Context. Detailed studies of the shape of dust emission spectra are possible thanks to the current instruments capable of simultaneous observations in several sub-millimetre bands (e.g., Herschel and Planck). The relationship between the observed spectra and the intrinsic dust grain properties is known to be affected by the noise and the line-of-sight temperature variations. However, some controversy remains even on the basic effects resulting from the mixing of temperatures along the line-of-sight or within the instrument beam.
Aims: Regarding the effect of temperature variations, previous studies have suggested either a positive or a negative correlation between the colour temperature TC and the observed spectral index βObs. Our aim is to show that both cases are possible and to determine the principal factors leading to either behaviour.
Methods: We start by studying the behaviour of the sum of two or three modified black bodies at different temperatures. Then, with radiative transfer models of spherical clouds, we examine the probability distributions of the dust mass as a function of the physical dust temperature. With these results as a guideline, we examine the (TC, βobs) relations for different sets of clouds.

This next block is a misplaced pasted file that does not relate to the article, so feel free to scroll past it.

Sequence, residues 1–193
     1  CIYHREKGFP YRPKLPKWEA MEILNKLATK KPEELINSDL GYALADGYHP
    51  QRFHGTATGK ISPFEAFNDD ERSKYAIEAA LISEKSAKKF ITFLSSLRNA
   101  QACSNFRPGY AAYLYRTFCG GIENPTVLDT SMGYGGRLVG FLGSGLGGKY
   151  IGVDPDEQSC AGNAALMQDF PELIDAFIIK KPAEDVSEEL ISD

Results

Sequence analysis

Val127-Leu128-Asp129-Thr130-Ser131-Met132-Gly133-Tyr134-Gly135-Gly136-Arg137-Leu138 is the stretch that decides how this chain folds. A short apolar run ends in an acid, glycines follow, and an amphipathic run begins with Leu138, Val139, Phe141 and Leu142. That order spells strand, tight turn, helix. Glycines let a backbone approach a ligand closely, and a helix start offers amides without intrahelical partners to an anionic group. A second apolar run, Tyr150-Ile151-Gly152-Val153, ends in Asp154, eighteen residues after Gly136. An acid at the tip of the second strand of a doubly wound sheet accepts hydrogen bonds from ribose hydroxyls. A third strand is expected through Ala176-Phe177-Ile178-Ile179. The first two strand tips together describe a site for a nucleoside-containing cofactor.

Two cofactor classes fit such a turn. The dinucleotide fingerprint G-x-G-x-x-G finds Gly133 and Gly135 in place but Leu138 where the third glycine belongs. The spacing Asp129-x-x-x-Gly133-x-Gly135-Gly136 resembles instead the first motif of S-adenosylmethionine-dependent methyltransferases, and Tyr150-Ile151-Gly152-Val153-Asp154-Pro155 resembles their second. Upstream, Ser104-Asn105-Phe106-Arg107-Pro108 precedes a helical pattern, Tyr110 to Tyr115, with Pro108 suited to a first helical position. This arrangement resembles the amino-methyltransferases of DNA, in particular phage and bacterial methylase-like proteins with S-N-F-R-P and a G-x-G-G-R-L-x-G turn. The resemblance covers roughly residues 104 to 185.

Results: Even in the simple case of models consisting of two blackbodies at temperatures T0 and T0 + ∆T0, the correlation between TC and βobs can be either positive or negative. If one compares models where the temperature difference ∆T0 between the two blackbodies is varied, the correlation is negative. If the models differ in their mean temperature T0 rather than in ∆T0, the correlation remains positive. Radiative transfer models show that externally heated clouds have different mean temperatures but the widths of their temperature distributions are rather similar. Thus, in observations of samples of such clouds the correlation between TC and βObs is expected to be positive. The same result applies to clouds illuminated by external radiation fields of different intensity. For internally heated clouds a negative correlation is the more likely alternative.
Conclusions: Previous studies of the (TC,β) relation have been correct in that, depending on the cloud sample, both positive and negative correlations are possible. For externally heated clouds the effect is opposite to the negative correlation seen in the observations. If the signal-to-noise ratio is high, the observed negative correlation could be explained by the temperature dependence of the dust optical properties but that intrinsic dependence could be even steeper than the observed one.